“It’s clear how much you love Sacramento,” the sweet, elderly Sister Sarah (Lois Smith) says, when speaking to Lady Bird about an essay she wrote describing her frustratingly small and uncultured hometown. “I guess I pay attention,” she comments politely. “Don’t you think they’re the same thing?” comes the reply.
It cuts right to the heart of the movie’s disarming charm, which stems from that unerring attention. There’s a specificity about everything and everyone we see, shot by Gerwig with an uncluttered simplicity that allows the script and cast to shine. It’s most evident in Lady Bird’s family, from her brother Miguel (Jordan Rodriguez) and girlfriend Shelly (Marielle Scott), who style themselves as outsiders but never seem sure what they’re outside of, to her dad (Tracy Letts), a redundant computer programmer.
Her bond with her father is affectionately done, as he subtly emerges as the essential go-between mediating the clashing personalities of Lady Bird and Marion, her mum. Letts finds profound compassion beneath his depressed, resigned presence, but Laurie Metcalf and Ronan are the star attraction, and it’s their relationship that becomes the beating heart of the story. Marion, a nurse struggling to make ends meet, is a martyr – and wants everyone to know it. Lady Bird has inherited that same stubborn streak, which means that they disagree constantly, and always refuse to back down. “I want you to be the very best version of yourself,” says her mum, with a typically disappointed tone. “But what if this is the best version?” Lady Bird asks, her sarcastic wit barely disguising her childlike vulnerability.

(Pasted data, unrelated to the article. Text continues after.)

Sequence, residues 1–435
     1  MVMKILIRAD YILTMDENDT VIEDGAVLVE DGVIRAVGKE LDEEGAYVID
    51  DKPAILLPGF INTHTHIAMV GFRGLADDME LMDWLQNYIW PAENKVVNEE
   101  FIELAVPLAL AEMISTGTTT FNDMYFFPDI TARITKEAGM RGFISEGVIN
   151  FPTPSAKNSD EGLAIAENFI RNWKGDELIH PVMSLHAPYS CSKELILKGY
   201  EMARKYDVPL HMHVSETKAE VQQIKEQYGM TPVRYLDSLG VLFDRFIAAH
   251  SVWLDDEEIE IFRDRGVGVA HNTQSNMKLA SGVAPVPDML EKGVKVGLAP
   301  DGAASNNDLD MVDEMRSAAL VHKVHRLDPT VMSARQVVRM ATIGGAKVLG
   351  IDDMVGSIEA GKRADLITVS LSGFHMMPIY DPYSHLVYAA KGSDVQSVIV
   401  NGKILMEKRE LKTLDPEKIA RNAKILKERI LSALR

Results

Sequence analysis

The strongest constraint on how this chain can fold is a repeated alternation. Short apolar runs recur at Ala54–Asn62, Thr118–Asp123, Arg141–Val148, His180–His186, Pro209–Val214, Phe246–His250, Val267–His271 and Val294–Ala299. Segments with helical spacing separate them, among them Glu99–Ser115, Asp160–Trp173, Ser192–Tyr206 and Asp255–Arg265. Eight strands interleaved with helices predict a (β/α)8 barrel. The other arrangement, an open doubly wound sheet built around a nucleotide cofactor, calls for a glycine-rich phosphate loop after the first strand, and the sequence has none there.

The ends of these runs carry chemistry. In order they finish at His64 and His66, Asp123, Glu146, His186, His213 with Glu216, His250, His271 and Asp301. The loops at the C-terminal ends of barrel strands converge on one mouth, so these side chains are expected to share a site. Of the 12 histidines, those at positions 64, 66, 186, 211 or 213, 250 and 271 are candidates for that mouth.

It’s a wonderfully observed dynamic that nails the boundary between liking someone and loving someone – and that sometimes, the two can be mutually exclusive. The result is a relationship that changes from fierce row to shared joy in a heartbeat – and often changes back again mere seconds later.
Both Metcalf’s and Roman’s performances are sublime, but Gerwig’s masterstroke is ensuring that we don’t just spend all our time under Lady Bird’s wing: we relish Christine’s optimism, her enthusiastic rebellious streak, her artistic ambitions, her impatience to find out who she is; but we also, by understanding the perspectives of her mother, father, brother and best friend, see that she’s hypocritical, ungrateful and selfish. There’s wisdom in the script’s hindsight, which portrays Lady Bird not only as a likeable young woman, but also as what she can eventually grow up to be, no matter where her name comes from. The result is a wry, sharp comedy that’s bulging with quotable one-liners, and a drama so lacking in cynicism that it finds fresh emotion in the coming-of-age genre. There’s a profound universality in its extremely specific details. Or, to use the film’s own beautiful logic, Lady Bird is a movie with an abundance of attention. You’ll absolutely love it.